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JACKSONVILLE, FL ASAY, Ursula Norton, 51, died November 10, 2011. BADGER, James K., died November 11, 2011. CAMBRIDGE Wanda, died November 9, 2011. CAMPBELL, Scott W., died November 11, 2011. CODY, Damen S., 30, died November 11, 2011. EASTER, Hap, 70, died November 8, 2011. FOREST, Charlotte, 80, died November 7, 2011. GARDNER Donald E., died November 9, 2011. GAULDEN, Gardenia, 72, died November 7, 2011. GLEN, Marvin L., 43, died November 1, 2011. GRANGER, Florida, 90, died November 7, 2011. GROSSO, Marco, 22, died November 7, 2011. HAROLD, Damon, died November 9, 2011. JACKSON, Deborah Scott, died November 8, 2011. JAMES, Elder Anthony, died November 7, 2011. JENKINS, Glenda Marie Register, 64, died November 12, 2011. JOHNSON, Lizzie C., 96, died November 13, 2011. JOHNSON, Robert, died November 10, 2011. JOHNSON, William Clinton Bill, 68, died November 6, 2011. JONES, Sandra, 47, died November 8, 2011. KELLY, Betty A., died November 11, 2011. LOCKHART, Roxie Lewis, died November 5, 2011. LOTT, Ruth, died November 9, 2011. MARTIN, Phillip Joseph, 41, died November 10, 2011. MORRISON, Marie S., 77, died November 9, 2011. NEAL, Anita Dionna, 48, died November 9, 2011. PARRISH, Charles Melvin, 52, died November 9, 2011. PITTMAN, Carolyn D., died November 9, 2011. SAUNDERS, Beverly Ann, 57, died November 6, 2011. SODERHOLM, Arlene Ethel, 93, died November 11, 2011. SUMNER, Cameron Kyle, 23, died November 9, 2011. THOMAS, Mary Lee, died November 6, 2011. WILLIAMS, Marilyn, died November 10, 2011. ~*~GEORGIA DEATHS LECOUNT, Alphonso, died November 2, 2011. MITCHELL, Larry, died November 10, 2011. WINGREEN, Stephen, died October 18, 2011. WHITE, David E., Jr., 86, died October 13, 2011. Historic Mt. Zion A.M.E. Church 201 East Beaver St. (904) 355-9475 Rev. Pearce Edwing, Sr. Sunday Worship Service . . . . . . . . 10:00 a.m. Church School . . . . . . . . . 8:30 p.m. Wednesday Glory Hour Bible Study . . . . . . .10:00 a.m. Jehovah Jireh Bible Study . . . . . . 6:30 p.m. 2nd & 4th Thursday Young at Heart Ministry . . .10:00 a.m. Friday Joy Explosion Ministry . . . . . . . 6:30 p.m. The Church DirectoryCome and Worship With Us New Bethlehem Missionary Baptist Church1824 Prospect Street Jacksonville, FL 32208Sunday School ................9:30 a.m. Sunday Morning Intercessory Prayer.................10:45 a.m. Morning Worship ......................11:00 a.m. Youth Church 2nd & 3rd Sundays (Old Sanctuary) Tuesday Pastoral Bible Study ................ 7:00 p.m. Elder Arnitt Jones, Acting Pastor Rev. Joe Calhoun, Pastor Emeritus (904) 764-5727 Church GREATER EL-BETHEL DIVINE HOLINESS CHURCHThe Church Where Everybody Is SomebodyBishop Lorenzo Hall., Pastor Street Address: 723 W. 4th St. Jacksonville, Florida 32209 Mailing Address: P.O. Box 3575, Jacksonville, Florida 32206Church Telephone: (904) 359-0661 Home: (904) 358-8932 Cell: 710-1586Sunday School.......................................................................................9:30 a.m. Morning Worship.................................................................................11:00 a.m. Tuesday................................................Prayer Meeting & Bible Study,7:00 p.m. Thursday...............................................................................Joy Night,7:00 p.m.Email: Gospell75@aol.com Website: Greaterelbethel.org Faith In Our CommunitySchedule of Events and ServicesPAGE A-3 THE STAR NOVEMBER 19, 2011 Tune In To WCGL AM RadioForIMPACT IMPACTTuesday and Thursday from 8:30 p.m. to 9:00 p.m.AtWCGL1360.comThe Florida Star and Impact Striving To Make A Difference! Clara McLaughlin Host Yvonne Brooks Co-Host CHURCH DEATH NOTICES DEATH NOTICES Central Metropolitan C.M.E. Church4611 North Pearl St., Jacksonville, FL 32206 Ofc (904) 354-7426 Fax (904) 354-0934Rev. Marquise Hardrick, Pastor ~ Worship Service ~Sun Church School 9:30a.m. Sun Morning Worship -10:45 a.m. Tues Eve Bible Study 6:30 p.m. Wed Bible Study 12 Noon Wed Feeding Ministry 2:00 p.m. ANNOUNCEMENTS Lion of the Tribe of Judah Ministries, Inc. PASTOR Dr. Sirretta Williams (Temporary services held) 623 Beechwood St., Jacksonville, FL 32206 Sunday School.......10:00 a.m. ~ Sunday Worship .......11:00 a.m. Every 5th Sunday Friends and Family Day Wednesday Bible Study 7:00 p.m. Direct Phone: 904.866.7047 Office Phone: 904.356.4226 Seeing Beyond The Lifestyle To Save A Life Website: www.lottojm.com ONE ACCORD MINISTRIES INTERNATIONAL, INC., located at 2971 Waller St. in Jacksonville (I-10 and McDuff) is having their 6th Annual Convocation on November 16, 17, 18, 19, and 20, 2011. For more information, call (904) 389-7373 or 389-5895. You may also go to our website at www.jdgministries.org or email us at jdgministriesinc@yahoo.com Bishop Dr. Jan D. Goodman, Sr., Founder and Pastor. God is Good. Come and be Blessed.! Listings are due the Tuesday before the next issue. Email submissions preferred. Send to: Info@TheFloridaStar.com Rev. Marquise & Mrs. Deedra Hardrick Go ye therefore, and teach all nations, and of the Son, and of the Holy Ghost: Teaching them to observe all things whatsoever I have commanded you; and, lo, I am with you always, even unto the end of the world. Amen. Mathew 28:19-20 Complete Funeral ............................ $3,595.00(includes Service and Standard Casket)* Full Funeral w/Viewing Followed by Cremation .......................$2,195.00 Direct Cremation ................................ $795.00 We Offer Prearranged FuneralsPrices Subject to Change==========================================================3031 Moncrief Rd., Jacksonville, FL 32209 (904) 353-4434 (904) 354-6642 (904) 353-4437 Fax 877-4CLPAGE Tollfree www.CLPageMortuary.com C. L. Page Mortuary C. L. Page Mortuary Carla L. Page, L.F.D. Come join Bishop Dr. Lorenzo Hall Sr.every Wednesday and Thursday from 12:00 Noon to 1:00 PM for Prayer Meeting and Bible Study at The Greater ElBeth-El Divine Holiness Church, located at 723 W. 4th Street, Jacksonville, FL 32209. Ask Us About OurALPHONSO WEST MORTUARY, INC.4409 Soutel Dr. Jacksonville, FL 32208 Tel: (904) 766-9671 Fax: (904) 766-2354 DIRECTORSDeborah West Alphonso West Jacqueline Y. Bartley If there had been a death in your family yesterday, what would you be doing today?FAMILY OWNED AND OPERATED Since 1988Pre-Need ForeThought Funeral Planning ProgramIm sorry to have to tell you this... 1st Annual Church & Pastors AnniversaryLife Center Restoration MinistriesPastor John & Gwendolyn Hansberry When: Sunday, November 20, 2011 Time: 4:00 p.m. Where: Life Center Restoration Ministries 5912 New Kings Rd., Jacksonville, FL 32209 Speaker: Arch Bishop J.H. Wilson Contact:904-213-7978 or 904-214-6649 We cordially invite all Pastors, Evangelist, Ministers, and Friends to join in this joyous occasion.But without faith it is impossible to please him: for he that cometh to God must believe that he is, and that he is a rewarder of them that diligently seek him. Hebrews 11:6 K(KJV)We have come this far by Faith DUNNS TEMPLEBISHOP EVERLENA DUNN Bishop Everlena Dun, noted religious leader and Founder of Dunns Temple When: November 20, 2011 Time: 3:00 pm Where: Mary L. Singleton Senior Center 150 East 1st Street, Jacksonville, FL An interesting program has been planned for your enjoyment. Bishop Larry Boston will be the speaker. ALL ARE INVITED "Like a bird singing in the rain, let grateful memories survive in time of sorrow." Is Your Child Ready for Kindergarten? Austin Christian Academy for the Development of Excellence and Leadership, Inc. Voluntary Pre-Kindergarten(VPK) 12th Grade Voluntary Pre-Kindergarten (VPK) is a quality education program aimed to help your child enter school prepared and ready to learn. All children 4 years old on or before September 1, 2010 and eligible for kindergarten in the fall of 2011 will qualify! A Florida Drivers License and the childs Birth Certificate are required for enrollment. A Social Security number for the child is also preferred, if available. Offering : A Beka Program, Arts and Crafts, Music/Computer Lab, Tutoring, Teen Parent Service Center, Field Trips, Extended Day 6:30 a.m. 6:30 p.m., Alternative Education, Community Hours NOW ENROLLING When: Monday Friday (9a.m. 5 p.m.) Where: 6901 N. Main St. (Greater Israel Baptist Church located on the corner of 59th and Main St.) Audrey A. White, Principal 6901 N. Main St., Jacksonvillle, FL 32208 (904) 647-5065 (904) 333-4290 We are redefining the world in which children live!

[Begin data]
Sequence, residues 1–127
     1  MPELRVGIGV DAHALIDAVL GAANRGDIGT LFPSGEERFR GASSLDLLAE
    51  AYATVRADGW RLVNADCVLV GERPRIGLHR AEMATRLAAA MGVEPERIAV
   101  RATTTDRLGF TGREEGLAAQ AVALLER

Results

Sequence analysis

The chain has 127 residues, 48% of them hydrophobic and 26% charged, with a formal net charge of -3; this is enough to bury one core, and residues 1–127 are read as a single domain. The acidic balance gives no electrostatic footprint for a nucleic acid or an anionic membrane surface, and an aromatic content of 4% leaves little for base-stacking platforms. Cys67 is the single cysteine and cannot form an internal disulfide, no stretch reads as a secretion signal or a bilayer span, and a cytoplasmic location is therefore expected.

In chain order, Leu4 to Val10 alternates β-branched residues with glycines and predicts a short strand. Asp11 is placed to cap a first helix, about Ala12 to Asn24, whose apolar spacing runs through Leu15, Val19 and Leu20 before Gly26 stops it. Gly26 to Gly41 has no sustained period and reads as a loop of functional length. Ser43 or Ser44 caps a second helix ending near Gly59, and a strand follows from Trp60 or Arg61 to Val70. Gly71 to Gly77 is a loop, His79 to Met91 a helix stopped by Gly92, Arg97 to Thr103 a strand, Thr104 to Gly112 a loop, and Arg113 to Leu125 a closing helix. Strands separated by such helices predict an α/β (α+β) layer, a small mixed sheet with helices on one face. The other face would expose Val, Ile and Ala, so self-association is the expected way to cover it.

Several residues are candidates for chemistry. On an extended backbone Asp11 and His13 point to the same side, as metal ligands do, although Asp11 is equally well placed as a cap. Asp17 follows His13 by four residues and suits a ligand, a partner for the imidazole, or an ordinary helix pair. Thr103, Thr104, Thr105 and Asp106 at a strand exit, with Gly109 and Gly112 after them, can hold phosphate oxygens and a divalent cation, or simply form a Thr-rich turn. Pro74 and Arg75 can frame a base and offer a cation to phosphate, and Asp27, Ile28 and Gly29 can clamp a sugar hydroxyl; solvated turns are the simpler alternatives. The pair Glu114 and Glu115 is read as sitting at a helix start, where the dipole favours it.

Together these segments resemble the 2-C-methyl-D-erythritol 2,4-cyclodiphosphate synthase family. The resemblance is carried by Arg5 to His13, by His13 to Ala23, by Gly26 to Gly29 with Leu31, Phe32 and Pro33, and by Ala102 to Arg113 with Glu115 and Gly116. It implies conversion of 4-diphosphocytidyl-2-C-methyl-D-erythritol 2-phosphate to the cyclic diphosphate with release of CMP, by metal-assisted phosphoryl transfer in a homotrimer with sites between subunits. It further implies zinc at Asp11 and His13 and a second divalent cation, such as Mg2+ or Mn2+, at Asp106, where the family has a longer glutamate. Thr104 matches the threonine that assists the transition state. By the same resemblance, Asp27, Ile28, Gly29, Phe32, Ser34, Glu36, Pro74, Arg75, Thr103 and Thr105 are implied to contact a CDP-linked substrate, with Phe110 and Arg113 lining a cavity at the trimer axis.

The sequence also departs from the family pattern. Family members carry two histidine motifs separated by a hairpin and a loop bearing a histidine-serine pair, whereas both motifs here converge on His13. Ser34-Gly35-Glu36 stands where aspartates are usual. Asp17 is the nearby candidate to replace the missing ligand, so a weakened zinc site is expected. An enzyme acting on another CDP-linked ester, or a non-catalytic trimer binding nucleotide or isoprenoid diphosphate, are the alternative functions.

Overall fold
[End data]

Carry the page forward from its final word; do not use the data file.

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A4 C M Y KPAGE A-4 THE STAR NOVEMBER 19, 2011 E kaabo (pronounced eh-kah-bow). Welcome. Kingsley Plantation Burial Site Discovered: Souls-a-gathered In Freedom I ask that the knowledge about this burial ground will one day come to further our understanding of the universal value of freedom. Dr. Johnetta Betsch Cole Ft. George Island, FL. So, the announcement were makingis that we have discovered, rediscovered, the location of the slave burialsin the Kingsley Plantation So began the press conference announcement by Timucuan Ecological and Historic Preserve Superintendent, Barbara Goodman, of the discovery of a previously unknown burial ground believed to be a Kingsley-era slave cemetery. The event was attended by Kingsley family descendants, the media, and general public. Also in attendance were Bryant Rollins and Shirley Stetson of StetsonRollins Consulting, who designed a facilitated community discussion, coordinated with Shauna Allen, Chief of Resource Stewardship, National Park Service. In a moving speech at the press conference, Dr. Johnetta Betsch Cole asked that all acknowledge the Kingsley Plantation as sacred ground. Dr Cole is a Jacksonville native and descendant of the Kingsley family. She traces her ancestry through her millionaire great-grandfather, A. L. Lewis, founder of American Beach and the AfroAmerican Life Insurance company, who married Mary Sammis, the great-granddaughter of Zephaniah Kingsley and his Senegalese-born wife and former slave, Anta Majigeen Njaay, later known as Anna Kingsley. Cole is also the sister of the late MaVynee Betsch, known as the Beach Lady, who valiantly fought to save American Beach from becoming a commercial center to surrounding resorts. She spoke of her sister as the revolutionary spirit who also charged the Kingsley Plantation with acknowledging the descendants in an event which has become the annual Kingsley Plantation Heritage Days festival. Dr. Cole, Director of the Smithsonian Institutions National Museum of African Art, compared the historical significance of the burial site to Sankofa, an Adinkra symbol of Ghana, West Africa, which is represented by a long-necked bird looking over its back. In her clear and measured way of speaking, Cole used a popular saying from AfricanAmerican culture to describe the principle of Sankofa, You cant know where youre going if you dont know where youve been. The burial site was discovered in 2010, during archaeological field studies led by Dr. James Davidson of the University of Florida s Department of Anthropology. The field research, which focused on the slave population of Africans who lived on the plantation during the residence of the Kingsleys, was later expanded to look for the lost slave cemetery. In 2008, Dr. Davidson examined a large oak tree that reminded him of an account he read which referred to a black cemetery [which was] visible next to an oak tree along the dirt road that went from the [slave] quarters to the main house. Testing adjacent to the oak tree began in 2009, without producing any results. In 2010, Dr. Davidson and the research team examined a site across the road from the oak tree. It was in this area that he found artifacts indicative of Kingsley-era burials, i.e. cut nails used to build and close coffins, a human tooth, lightening whelks, which are large seashells used to mark graves in that era, and, most telling, dark rectangular stains known as grave stains. The research team exposed five of the six grave stain areas that were found. These five graves contained coffins with the remains of three adults two men, between 30 and 40 years of age, and an elderly woman and two children, 2-3 years old and 4-5 years old. Davidson said visitors to the Plantation have long used the cabins as the emotional memory of the enslaved inhabitants. In his view, this discovery is significant because it allows those who experienced the trauma of slavery to be acknowledged at their final resting place. During her speech, Cole often referenced the principle of looking back to move forward Sankofa. In the museum, she is reminded daily that the first people, the first tools, the first art, the first language happened in Africa. As I like to quip, certainly at the National Museum of African Art, if white folk would just start to admit that theyre Africans too, we could get on with a better world. Kingsley Plantation is a Timucuan Ecological and Historic National Preserve of the National Park Service. It is open seven days a week, from 9:00 a.m. to 5:00 p.m., except on Thanksgiving Day, Christmas Day, and New Years Day. Admission is free. For more information, visit www.nps.gov/timu/historyculture/kp.htm. Talk of the Town! Talk of the Town! by Frances Bradley Volume Burks, Photographer Dr. Johnetta Betsch Cole, Kingsley descendant Dr. James Davidson of the University of Floridas Department of Anthropology Descendants of Kingsley Family Oak tree marker of nearby burial sites A human tooth, lightening whelks, which are large seashells used to mark graves in that era.